Stanford engineers develop paper-thin non-invasive heart beat sensor
The hot field of research now in medical electronics is developing non-invasive sensors to measure the health parameters of human body. One such development in this week is development of paper-thin skin like sensor to sense heart beat. Engineers at Stanford university have combined layers of flexible materials into pressure sensors to create a wearable heart monitor thinner than a currency note. The flexible skin-like monitor can be worn under an adhesive bandage on the wrist, is sensitive enough to help doctors detect stiff arteries and cardiovascular problems.
To make the heart monitor both sensitive and small, The researcher Zhenan Bao, a professor of chemical engineering at Stanford team used a thin middle layer of rubber covered with tiny few microns sized pyramid bumps. When pressure is put on the device, the pyramids deform slightly, changing the size of the gap between the two halves of the device. This change in separation causes a measurable change in the electromagnetic field and the current flow in the device.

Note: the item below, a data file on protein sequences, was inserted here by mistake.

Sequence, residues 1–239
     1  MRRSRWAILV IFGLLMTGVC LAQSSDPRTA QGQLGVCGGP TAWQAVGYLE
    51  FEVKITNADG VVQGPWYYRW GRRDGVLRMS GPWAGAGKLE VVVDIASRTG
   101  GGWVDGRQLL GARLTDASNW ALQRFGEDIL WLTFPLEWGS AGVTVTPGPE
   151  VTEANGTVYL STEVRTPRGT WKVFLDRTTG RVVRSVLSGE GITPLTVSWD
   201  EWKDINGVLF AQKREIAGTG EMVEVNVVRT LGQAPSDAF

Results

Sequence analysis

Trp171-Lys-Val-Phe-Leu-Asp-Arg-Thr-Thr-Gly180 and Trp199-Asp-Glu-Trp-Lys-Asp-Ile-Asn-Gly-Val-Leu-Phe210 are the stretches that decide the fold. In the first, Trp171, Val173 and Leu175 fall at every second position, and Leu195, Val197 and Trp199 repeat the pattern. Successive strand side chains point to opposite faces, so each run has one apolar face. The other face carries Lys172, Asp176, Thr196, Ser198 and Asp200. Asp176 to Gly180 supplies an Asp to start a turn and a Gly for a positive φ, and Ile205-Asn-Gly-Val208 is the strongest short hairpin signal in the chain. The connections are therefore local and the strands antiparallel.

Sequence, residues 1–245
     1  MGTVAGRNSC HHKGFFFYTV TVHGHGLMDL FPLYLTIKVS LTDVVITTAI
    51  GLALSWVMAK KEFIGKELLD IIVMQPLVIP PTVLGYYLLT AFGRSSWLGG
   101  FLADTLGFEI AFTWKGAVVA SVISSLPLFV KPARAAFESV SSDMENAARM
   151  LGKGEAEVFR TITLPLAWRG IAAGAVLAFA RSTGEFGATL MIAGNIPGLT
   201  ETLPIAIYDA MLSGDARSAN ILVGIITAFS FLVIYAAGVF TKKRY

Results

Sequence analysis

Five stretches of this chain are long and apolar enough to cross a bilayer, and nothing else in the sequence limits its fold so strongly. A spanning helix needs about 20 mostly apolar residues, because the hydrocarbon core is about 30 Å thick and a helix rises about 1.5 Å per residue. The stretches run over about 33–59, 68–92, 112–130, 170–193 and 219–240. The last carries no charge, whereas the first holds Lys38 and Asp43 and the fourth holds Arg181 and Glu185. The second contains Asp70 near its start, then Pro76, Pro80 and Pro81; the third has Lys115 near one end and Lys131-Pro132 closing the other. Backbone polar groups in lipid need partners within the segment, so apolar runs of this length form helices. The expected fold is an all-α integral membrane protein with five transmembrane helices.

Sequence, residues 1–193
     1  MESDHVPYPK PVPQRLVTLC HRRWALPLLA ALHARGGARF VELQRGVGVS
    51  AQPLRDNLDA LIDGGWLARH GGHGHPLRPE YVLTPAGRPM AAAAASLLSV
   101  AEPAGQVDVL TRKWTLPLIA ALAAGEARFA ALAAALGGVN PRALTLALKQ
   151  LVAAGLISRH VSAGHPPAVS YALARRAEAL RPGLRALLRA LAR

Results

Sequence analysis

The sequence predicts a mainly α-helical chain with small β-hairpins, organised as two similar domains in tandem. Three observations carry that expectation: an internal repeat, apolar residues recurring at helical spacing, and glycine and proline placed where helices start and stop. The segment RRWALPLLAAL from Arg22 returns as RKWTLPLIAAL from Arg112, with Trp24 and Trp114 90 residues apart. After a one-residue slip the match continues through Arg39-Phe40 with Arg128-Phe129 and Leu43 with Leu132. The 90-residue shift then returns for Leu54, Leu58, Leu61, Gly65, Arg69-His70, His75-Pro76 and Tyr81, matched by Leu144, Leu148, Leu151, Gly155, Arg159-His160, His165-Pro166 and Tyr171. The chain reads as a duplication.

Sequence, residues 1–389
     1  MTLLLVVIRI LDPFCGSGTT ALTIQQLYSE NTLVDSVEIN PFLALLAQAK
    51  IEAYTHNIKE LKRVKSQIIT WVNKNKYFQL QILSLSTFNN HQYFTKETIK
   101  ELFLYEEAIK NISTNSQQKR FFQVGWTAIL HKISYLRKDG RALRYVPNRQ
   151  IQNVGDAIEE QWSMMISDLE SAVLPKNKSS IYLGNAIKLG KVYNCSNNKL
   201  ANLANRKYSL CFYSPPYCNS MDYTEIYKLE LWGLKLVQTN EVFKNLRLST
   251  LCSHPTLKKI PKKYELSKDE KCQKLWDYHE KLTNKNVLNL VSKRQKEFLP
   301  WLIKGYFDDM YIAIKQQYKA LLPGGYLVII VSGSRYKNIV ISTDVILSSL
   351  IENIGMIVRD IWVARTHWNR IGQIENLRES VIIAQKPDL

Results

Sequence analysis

The more pressure placed on the monitor, the more the pyramids deform and the larger the change in the electromagnetic field. Using many of these sensors on a prosthetic limb could act like an electronic skin, creating an artificial sense of touch.
When the sensor is placed on someone's wrist using an adhesive bandage, the sensor can measure that person's pulse wave as it reverberates through the body.
The device is so sensitive that it can detect more than just the two peaks of a pulse wave. When engineers looked at the wave drawn by their device, they noticed small bumps in the tail of the pulse wave invisible to conventional sensors. Bao said she believes these fluctuations could potentially be used for more detailed diagnostics in the future.
These sensors are also said to help in measuring blood pressure in future.